While OFA officials declined to identify the groups or the donors, OFA chairman Jim Messina —Obama's former campaign manager—and Carson told staff Sunday in an internal memo provided to NBC News that the practice will now be strictly banned. Under the new policy, "OFA may not offer or accept an invitation to facilitate in any way the making of such donations," the memo states.
In an interview with NBC News, Kazmir said he believed Maltzman was being unfairly blamed because, he said, Carson was directly involved in soliciting the cash that came from Dr. Piacentile.
"They are throwing her under the bus," said Kazmir. "They are covering up, Carson knew everything ."
Kazmir also said he got repeated phone calls and text messages from Maltzman about making a donation to OFA that he originally discussed with Carson over lunch in December. "They kept asking me, where is the money?" he said.
Carson did not respond to requests for comment and OFA officials did not make him available for an interview. But OFA officials rejected the idea that anybody from the group was pressuring Kazmir to donate. They also said that Carson was unaware of Piacentile's past criminal problems when Kazmir first raised the idea, in an email on Jan. 29, that he could facilitate a large donation from the doctor.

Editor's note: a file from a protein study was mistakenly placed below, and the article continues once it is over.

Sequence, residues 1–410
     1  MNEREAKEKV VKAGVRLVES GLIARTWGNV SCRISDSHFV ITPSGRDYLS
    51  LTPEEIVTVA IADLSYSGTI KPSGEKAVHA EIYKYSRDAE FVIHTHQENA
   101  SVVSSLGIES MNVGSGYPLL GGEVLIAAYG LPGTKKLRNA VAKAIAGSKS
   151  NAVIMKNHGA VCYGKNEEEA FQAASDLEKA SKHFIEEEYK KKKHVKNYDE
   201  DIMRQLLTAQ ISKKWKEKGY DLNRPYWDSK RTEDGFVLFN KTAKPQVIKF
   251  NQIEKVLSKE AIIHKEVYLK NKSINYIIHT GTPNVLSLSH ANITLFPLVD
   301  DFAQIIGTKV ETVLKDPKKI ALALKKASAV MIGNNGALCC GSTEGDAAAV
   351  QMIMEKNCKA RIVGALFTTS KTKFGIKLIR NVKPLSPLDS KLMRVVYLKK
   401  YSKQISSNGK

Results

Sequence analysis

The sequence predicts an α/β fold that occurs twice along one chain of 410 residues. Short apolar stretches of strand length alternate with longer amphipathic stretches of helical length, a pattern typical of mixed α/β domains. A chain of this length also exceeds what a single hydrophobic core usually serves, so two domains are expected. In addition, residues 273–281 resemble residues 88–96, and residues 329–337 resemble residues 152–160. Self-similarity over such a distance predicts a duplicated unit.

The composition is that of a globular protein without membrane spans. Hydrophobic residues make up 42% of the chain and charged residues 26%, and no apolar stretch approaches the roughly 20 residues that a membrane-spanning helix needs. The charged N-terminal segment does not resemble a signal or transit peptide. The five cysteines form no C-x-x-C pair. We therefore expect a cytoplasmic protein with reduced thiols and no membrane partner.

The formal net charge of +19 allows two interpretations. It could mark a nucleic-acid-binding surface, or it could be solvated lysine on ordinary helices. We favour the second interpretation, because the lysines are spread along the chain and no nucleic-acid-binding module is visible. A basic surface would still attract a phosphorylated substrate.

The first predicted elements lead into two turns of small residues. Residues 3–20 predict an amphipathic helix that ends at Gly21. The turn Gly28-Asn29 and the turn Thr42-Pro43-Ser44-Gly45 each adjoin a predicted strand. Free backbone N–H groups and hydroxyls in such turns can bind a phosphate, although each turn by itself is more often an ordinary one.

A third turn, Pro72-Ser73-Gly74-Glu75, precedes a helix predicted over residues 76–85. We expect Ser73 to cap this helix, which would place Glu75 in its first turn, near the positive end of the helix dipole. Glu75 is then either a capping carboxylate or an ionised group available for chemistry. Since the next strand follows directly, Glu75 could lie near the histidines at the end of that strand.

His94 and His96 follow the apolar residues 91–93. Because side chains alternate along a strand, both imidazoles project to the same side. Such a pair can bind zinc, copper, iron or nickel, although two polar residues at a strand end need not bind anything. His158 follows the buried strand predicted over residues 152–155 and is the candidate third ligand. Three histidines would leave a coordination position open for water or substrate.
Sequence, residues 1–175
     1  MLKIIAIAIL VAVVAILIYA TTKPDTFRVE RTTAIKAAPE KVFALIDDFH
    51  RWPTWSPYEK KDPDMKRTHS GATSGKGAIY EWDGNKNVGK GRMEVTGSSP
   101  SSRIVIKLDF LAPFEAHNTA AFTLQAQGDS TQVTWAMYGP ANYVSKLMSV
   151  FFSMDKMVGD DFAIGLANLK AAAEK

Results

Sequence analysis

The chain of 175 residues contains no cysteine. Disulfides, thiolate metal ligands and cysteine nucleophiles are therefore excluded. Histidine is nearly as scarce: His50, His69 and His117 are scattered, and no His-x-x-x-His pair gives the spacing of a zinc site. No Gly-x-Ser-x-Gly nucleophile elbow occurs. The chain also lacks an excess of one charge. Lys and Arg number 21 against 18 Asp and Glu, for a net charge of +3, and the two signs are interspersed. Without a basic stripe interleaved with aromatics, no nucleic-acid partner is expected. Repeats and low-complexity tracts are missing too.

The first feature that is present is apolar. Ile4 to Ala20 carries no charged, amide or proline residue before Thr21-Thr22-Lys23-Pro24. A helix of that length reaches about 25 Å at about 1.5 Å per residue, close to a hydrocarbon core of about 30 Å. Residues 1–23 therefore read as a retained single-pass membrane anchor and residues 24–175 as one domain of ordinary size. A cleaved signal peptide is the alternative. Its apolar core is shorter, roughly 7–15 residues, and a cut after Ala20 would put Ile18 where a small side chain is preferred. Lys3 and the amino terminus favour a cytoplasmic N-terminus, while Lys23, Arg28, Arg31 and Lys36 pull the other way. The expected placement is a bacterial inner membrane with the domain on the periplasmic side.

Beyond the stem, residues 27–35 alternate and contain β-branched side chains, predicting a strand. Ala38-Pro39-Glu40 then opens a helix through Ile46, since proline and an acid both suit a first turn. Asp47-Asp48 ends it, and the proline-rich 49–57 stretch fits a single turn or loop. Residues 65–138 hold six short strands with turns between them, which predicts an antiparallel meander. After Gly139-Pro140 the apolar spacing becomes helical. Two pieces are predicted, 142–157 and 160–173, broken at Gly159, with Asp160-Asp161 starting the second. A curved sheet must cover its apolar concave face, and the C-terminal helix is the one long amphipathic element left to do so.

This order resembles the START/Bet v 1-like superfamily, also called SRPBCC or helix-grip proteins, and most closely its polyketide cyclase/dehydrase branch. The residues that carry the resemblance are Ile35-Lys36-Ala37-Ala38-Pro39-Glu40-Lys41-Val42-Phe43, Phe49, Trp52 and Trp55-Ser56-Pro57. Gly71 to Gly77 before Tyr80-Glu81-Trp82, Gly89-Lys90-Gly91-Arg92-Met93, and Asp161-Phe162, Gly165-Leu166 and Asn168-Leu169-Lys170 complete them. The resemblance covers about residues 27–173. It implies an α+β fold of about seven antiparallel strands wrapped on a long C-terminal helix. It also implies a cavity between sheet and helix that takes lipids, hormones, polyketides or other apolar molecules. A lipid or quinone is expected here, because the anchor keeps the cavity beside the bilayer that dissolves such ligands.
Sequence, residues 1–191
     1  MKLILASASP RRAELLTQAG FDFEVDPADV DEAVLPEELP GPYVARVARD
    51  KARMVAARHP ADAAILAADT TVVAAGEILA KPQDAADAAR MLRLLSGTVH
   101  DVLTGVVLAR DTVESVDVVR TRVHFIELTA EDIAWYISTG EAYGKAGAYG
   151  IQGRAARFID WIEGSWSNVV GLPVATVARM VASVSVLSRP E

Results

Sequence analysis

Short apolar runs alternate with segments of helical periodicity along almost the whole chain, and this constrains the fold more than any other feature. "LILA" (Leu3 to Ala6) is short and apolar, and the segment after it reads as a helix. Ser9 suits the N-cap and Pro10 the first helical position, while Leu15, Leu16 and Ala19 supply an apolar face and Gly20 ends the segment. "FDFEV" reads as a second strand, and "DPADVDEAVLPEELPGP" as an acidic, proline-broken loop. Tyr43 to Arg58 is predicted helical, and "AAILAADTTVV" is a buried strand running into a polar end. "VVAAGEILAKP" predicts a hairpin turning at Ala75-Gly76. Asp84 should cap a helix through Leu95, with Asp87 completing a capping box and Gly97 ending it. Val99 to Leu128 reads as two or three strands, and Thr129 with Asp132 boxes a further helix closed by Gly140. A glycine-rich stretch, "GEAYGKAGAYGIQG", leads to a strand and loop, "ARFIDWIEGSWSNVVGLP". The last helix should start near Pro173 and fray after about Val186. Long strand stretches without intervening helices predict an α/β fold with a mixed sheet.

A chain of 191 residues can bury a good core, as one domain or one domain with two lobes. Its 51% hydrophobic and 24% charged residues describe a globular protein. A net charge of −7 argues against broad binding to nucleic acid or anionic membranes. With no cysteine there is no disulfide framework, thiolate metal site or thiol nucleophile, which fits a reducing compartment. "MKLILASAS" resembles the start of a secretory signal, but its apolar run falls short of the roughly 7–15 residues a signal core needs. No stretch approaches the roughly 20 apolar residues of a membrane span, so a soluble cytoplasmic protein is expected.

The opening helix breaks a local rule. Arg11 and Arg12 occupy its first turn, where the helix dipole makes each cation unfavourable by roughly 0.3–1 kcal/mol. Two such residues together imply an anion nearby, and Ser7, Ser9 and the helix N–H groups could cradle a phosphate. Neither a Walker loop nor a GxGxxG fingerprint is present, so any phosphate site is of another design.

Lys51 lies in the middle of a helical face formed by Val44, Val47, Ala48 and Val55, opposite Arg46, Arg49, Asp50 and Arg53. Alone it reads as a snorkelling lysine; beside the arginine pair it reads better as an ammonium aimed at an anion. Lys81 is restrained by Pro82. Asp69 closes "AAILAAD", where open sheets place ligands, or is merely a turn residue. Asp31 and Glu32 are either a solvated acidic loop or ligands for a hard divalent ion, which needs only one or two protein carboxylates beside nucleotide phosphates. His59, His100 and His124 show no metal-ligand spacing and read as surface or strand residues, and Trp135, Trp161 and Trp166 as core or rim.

The email came the day after Kazmir had been in Washington and, with Carson's help had met with Abraham, the chief of staff of the White House Office of Public Engagement. Kazmir had sought the meeting to seek relief from a court judgment obtained by the U.S. Overseas Private Investment Corporation (OPIC) for his failure to make payments on a $2.5 million loan to start an American school in Lahore, Pakistan.